[eDebate] sandra day o'connor -- edging toward DICTATORSHIP
Tue Jun 6 13:54:01 CDT 2006
her speech was addressed to lawyers but might as well be dabaiters. you
could see the DICTATORSHIP rhetoric in the wedge distraction conference
yesterday when pussy boy kept referring to overreaching judges thwarting the
will of the people:
Former top judge says US risks edging near to dictatorship
? Sandra Day O'Connor warns of rightwing attacks
? Lawyers 'must speak up' to protect judiciary
Julian Borger in Washington
Monday March 13, 2006
The following correction was printed in the Guardian's Corrections and
clarifications column, Monday March 20 2006
In the article below, we referred to a US court decision to order Terri
Schiavo to be removed from life support, describing her in our account as
"brain dead". Relatives of Terri Schiavo point out that although she was
severely brain damaged there was no diagnosis of "brain dead" and neither
was that the conclusion of the post-mortem examination.
Sandra Day O'Connor, a Republican-appointed judge who retired last month
after 24 years on the supreme court, has said the US is in danger of edging
towards dictatorship if the party's rightwingers continue to attack the
In a strongly worded speech at Georgetown University, reported by National
Public Radio and the Chicago Daily Law Bulletin, Ms O'Connor took aim at
Republican leaders whose repeated denunciations of the courts for alleged
liberal bias could, she said, be contributing to a climate of violence
Ms O'Connor, nominated by Ronald Reagan as the first woman supreme court
justice, declared: "We must be ever-vigilant against those who would
strong-arm the judiciary."
She pointed to autocracies in the developing world and former Communist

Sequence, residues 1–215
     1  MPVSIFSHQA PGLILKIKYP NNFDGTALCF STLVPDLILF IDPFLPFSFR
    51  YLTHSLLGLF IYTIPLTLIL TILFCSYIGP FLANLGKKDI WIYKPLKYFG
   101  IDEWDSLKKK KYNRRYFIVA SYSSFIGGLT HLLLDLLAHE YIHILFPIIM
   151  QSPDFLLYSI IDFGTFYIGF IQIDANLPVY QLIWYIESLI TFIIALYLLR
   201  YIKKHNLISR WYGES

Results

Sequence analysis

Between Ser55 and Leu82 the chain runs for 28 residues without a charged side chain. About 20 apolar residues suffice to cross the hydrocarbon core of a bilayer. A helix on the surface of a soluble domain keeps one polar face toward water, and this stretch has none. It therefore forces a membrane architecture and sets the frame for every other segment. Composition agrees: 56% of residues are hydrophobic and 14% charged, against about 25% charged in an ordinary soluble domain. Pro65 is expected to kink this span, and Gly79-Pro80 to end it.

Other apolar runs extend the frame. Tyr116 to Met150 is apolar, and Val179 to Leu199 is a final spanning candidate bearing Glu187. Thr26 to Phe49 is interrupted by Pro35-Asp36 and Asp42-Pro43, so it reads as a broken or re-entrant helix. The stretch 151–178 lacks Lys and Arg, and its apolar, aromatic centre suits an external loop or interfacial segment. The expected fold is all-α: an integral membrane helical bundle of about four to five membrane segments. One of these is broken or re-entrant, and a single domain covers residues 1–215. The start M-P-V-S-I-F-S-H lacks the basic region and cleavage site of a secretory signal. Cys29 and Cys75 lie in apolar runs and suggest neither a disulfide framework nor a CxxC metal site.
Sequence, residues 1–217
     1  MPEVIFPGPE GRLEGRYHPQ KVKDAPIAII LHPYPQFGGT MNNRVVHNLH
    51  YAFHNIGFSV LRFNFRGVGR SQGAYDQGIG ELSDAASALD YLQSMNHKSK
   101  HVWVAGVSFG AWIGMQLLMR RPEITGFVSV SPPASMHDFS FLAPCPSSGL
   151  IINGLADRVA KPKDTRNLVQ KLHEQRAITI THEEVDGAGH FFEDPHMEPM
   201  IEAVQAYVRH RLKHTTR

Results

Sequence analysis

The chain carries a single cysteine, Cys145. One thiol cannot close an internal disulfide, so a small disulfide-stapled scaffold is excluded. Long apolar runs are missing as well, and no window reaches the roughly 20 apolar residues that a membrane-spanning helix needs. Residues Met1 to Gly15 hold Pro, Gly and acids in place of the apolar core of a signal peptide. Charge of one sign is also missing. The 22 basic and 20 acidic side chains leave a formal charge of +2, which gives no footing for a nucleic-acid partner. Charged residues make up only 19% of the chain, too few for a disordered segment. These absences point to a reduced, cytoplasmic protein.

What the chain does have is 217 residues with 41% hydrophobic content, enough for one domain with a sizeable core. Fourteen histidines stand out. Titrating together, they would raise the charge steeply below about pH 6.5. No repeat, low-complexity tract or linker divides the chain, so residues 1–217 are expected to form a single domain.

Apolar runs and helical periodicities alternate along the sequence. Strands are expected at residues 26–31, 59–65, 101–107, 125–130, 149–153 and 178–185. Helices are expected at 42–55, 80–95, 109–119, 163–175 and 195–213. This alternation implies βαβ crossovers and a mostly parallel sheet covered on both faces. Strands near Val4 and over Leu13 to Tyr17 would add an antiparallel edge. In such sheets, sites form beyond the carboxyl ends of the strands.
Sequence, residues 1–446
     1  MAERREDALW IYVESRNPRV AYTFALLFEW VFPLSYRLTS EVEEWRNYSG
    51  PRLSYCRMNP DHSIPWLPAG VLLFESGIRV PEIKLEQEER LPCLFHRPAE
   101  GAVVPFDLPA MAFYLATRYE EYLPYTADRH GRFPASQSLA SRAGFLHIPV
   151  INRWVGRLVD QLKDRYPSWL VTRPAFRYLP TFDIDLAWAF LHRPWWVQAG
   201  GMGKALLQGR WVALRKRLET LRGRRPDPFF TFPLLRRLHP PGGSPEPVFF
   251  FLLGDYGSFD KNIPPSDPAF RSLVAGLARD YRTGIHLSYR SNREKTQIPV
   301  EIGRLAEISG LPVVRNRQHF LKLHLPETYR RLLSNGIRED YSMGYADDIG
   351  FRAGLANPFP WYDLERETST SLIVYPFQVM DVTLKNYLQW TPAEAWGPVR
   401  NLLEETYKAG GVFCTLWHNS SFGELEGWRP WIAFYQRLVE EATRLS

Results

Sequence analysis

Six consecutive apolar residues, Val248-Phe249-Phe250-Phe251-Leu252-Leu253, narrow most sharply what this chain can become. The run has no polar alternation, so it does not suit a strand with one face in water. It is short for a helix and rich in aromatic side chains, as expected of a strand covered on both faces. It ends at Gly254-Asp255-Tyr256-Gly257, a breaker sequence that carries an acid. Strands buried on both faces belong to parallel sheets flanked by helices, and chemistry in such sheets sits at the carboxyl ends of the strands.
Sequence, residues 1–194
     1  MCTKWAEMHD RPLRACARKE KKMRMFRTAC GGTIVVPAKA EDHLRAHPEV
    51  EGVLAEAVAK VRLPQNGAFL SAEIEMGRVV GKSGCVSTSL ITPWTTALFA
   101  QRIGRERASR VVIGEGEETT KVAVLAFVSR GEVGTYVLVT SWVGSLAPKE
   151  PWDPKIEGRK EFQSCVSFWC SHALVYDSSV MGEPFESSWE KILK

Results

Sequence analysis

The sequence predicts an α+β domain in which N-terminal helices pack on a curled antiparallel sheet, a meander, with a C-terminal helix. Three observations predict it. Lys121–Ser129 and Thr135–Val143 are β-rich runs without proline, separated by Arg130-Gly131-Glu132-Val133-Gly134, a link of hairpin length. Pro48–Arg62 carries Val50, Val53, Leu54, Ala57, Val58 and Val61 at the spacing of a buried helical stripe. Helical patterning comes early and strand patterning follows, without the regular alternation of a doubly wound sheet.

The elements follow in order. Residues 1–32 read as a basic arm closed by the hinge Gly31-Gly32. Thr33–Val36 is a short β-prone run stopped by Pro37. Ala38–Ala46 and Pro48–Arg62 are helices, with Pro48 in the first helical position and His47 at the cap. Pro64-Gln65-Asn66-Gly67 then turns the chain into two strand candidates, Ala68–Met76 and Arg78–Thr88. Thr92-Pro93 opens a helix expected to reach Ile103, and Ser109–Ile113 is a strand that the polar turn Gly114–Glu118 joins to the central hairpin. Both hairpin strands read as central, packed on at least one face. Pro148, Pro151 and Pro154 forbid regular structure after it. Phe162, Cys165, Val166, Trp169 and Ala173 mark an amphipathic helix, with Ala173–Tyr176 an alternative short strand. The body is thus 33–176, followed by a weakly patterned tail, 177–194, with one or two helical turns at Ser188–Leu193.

countries as lessons on where interference with the judiciary might lead.
"It takes a lot of degeneration before a country falls into dictatorship,
but we should avoid these ends by avoiding these beginnings."
In her address to an audience of corporate lawyers on Thursday, Ms O'Connor
singled out a warning to the judiciary issued last year by Tom DeLay, the
former Republican leader in the House of Representatives, over a court
ruling in a controversial "right to die" case.
After the decision last March that ordered a brain-dead woman in Florida,
Terri Schiavo, removed from life support, Mr DeLay said: "The time will come
for the men responsible for this to answer for their behaviour."
Mr DeLay later called for the impeachment of judges involved in the Schiavo
case, and called for more scrutiny of "an arrogant, out-of-control,
unaccountable judiciary that thumbed their nose at Congress and the
Such threats, Ms O'Connor said, "pose a direct threat to our constitutional
freedom", and she told the lawyers in her audience: "I want you to tune your
ears to these attacks ... You have an obligation to speak up.
"Statutes and constitutions do not protect judicial independence - people
do," the retired supreme court justice said.
She noted death threats against judges were on the rise and added that the
situation was not helped by a senior senator's suggestion that there might
be a connection between the violence against judges and the decisions they
The senator she was referring to was John Cornyn, a Bush loyalist from
Texas, who made his remarks last April, soon after a judge was shot dead in
an Atlanta courtroom and the family of a federal judge was murdered in
Senator Cornyn said: "I don't know if there is a cause and effect
connection, but we have seen some recent episodes of courthouse violence in
this country ... And I wonder whether there may be some connection between
the perception in some quarters, on some occasions, where judges are making
political decisions yet are unaccountable to the public, that it builds up
and builds up to the point where some people engage in violence."
Although appointed by a Republican, Ms O'Connor voted with the supreme
court's liberals on some divisive issues, including abortion, making her a
frequent target for criticism from the right. After announcing that she
intended to retire last year at the age of 75, she was replaced in February
this year by Samuel Alito, who is generally regarded as being more
In her speech, Ms O'Connor said that if the courts did not occasionally make
politicians mad they would not be doing their jobs, and their effectiveness
"is premised on the notion that we won't be subject to retaliation for our
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